Is homemade bread ever a bad idea? I don’t think so! Judging from the success of this lovely braided challah that I recently brought to a potluck, I don’t think most other people think it’s a bad idea either! This is a quick and simple homemade bread. If you’ve never thought to bring fresh bread to a potluck, trust me, it’ll go over well. Especially if you bring a little jam and/or butter to go with it. Something different, and impressive, especially if you decide to go for the braided ring like I did here. You can just do a simple braid and leave it in a loaf shape if you prefer, but it’s fun to try something different. Any jam will go well with this rich and eggy bread. Trust me, you won’t be disappointed!
Braided Challah Ring
Adapted from King Arthur Flour
1 cup (120 grams) All-Purpose Flour
1 cup (227 grams) lukewarm water
2 teaspoons instant yeast
All of the starter
3 1/2 cups (420 grams) All-Purpose Flour
1 3/4 teaspoons salt
1/4 cup (50 grams) sugar
1/4 cup (50 grams) vegetable oil
2 large eggs + 1 yolk (save 1 egg white for the glaze, below)
1 egg white, saved from above
1 teaspoon sugar
1 tablespoon water
To make the starter: Mix the 1 cup flour, 1 cup water and yeast together in a large bowl or the bucket of a bread machine. Let the mixture sit for about 45 minutes. See "tips," below, for instructions using SAF Gold yeast.
To make the dough: Add the dough ingredients to the starter and mix and knead together — by hand, mixer or bread machine — until a smooth, supple dough is formed. This dough is a pleasure to work with; smooth and silky, it almost feels like you're rubbing your hands with lotion.
Place the dough in a greased bowl, turning it over once to coat it lightly with oil. Cover it and let it rise for 1 1/2 hours, or until it's not quite doubled in size.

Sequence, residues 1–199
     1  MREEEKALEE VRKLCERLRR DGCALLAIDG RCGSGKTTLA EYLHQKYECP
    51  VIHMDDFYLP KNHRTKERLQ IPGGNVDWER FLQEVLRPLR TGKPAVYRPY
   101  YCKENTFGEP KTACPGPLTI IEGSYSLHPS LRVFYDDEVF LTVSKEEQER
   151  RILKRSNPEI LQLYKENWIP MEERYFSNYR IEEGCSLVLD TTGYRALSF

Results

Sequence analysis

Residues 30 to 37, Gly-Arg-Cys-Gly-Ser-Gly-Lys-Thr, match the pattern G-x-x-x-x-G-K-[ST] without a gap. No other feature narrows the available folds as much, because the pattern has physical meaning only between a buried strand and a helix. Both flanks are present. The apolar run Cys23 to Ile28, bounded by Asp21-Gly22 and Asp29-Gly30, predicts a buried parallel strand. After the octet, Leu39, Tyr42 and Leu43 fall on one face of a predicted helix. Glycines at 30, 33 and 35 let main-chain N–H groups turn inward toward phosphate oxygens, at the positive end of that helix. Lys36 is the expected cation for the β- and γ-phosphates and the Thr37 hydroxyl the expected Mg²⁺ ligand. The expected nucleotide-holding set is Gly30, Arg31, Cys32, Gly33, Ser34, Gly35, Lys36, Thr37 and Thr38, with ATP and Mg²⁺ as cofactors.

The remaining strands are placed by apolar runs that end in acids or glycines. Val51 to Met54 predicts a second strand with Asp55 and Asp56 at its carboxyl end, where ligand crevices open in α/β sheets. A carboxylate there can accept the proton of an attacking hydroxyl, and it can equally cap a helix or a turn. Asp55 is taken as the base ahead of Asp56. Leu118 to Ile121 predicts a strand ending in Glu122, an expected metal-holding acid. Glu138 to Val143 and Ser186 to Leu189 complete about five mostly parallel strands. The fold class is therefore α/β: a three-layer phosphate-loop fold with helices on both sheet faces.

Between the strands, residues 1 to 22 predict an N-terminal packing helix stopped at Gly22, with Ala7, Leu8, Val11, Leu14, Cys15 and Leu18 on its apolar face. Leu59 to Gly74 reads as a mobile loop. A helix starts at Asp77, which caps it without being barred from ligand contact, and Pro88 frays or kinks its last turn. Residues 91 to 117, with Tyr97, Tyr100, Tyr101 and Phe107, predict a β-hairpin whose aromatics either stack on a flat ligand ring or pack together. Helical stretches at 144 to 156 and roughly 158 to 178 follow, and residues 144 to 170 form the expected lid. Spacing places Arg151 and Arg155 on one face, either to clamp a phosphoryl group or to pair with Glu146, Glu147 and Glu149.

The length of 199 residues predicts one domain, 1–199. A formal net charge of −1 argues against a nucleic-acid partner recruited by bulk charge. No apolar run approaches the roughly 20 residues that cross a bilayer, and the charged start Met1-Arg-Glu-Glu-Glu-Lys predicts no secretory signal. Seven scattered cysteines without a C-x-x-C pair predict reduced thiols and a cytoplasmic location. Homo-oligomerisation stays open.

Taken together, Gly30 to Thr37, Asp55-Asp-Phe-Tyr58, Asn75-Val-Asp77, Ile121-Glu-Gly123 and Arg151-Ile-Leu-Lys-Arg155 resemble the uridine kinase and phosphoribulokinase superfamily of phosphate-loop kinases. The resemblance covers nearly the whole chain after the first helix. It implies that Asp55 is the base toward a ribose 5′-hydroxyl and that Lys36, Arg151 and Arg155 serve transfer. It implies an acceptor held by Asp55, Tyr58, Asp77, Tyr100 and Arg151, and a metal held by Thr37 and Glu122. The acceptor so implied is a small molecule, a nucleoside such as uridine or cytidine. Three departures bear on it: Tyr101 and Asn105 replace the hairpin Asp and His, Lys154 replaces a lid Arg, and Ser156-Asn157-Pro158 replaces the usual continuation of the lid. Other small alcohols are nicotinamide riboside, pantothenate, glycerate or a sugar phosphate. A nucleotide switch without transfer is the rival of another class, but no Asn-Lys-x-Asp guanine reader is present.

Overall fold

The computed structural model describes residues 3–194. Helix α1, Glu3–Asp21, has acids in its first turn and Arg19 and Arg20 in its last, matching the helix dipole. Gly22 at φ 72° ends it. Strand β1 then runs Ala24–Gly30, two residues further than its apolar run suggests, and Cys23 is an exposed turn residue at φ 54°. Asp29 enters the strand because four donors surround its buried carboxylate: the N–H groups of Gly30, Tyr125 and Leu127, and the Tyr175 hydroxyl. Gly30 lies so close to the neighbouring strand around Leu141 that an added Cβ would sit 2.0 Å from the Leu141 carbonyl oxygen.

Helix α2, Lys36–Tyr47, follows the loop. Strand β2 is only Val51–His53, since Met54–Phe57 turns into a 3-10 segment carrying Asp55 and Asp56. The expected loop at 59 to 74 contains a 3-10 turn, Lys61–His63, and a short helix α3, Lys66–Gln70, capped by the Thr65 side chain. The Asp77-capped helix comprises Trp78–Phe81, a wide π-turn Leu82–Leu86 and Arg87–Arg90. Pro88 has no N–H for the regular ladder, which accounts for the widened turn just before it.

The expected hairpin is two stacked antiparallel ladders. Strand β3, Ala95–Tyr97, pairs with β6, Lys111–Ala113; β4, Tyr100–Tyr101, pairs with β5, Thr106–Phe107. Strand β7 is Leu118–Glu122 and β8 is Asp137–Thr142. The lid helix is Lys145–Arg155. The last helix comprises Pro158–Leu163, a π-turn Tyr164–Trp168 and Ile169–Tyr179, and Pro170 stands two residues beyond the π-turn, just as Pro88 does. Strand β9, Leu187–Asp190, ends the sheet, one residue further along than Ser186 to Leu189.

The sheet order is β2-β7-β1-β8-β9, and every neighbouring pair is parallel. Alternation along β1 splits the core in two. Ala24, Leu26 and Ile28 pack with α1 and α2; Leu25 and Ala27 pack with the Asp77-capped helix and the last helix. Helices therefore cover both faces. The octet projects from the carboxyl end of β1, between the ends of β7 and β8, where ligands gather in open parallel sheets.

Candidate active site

To shape the dough: Turn the dough out onto a lightly floured surface and fold it over once or twice, to expel the carbon dioxide. Divide the dough into four pieces, and roll each into a snake about 18" long.
On the lightly greased or parchment-lined baking sheet, braid a four-strand braid (see instructions at King Arthur Flour) or fashion a simpler three-strand braid. Form the braid into a circle, pinching the two ends together.
In a small bowl, make the glaze by mixing together the reserved egg white, sugar, and water. Brush the loaf, reserving some for a second application.
Cover the loaf with lightly greased plastic wrap and allow it to rise for 45 minutes to 1 hour, or until it's almost doubled in size. Towards the end of the rising time, preheat the oven to 375°F.
To bake the loaf: Brush the loaf with the remaining glaze (this will give the finished loaf a beautiful, shiny crust, as well as provide "glue" for the seeds), sprinkle with poppy seeds, if desired, and bake for 35 to 40 minutes, or until the challah is golden brown, slightly firm to the touch, and the internal temperature is 195°F.
Remove the bread from the oven, and cool completely before slicing.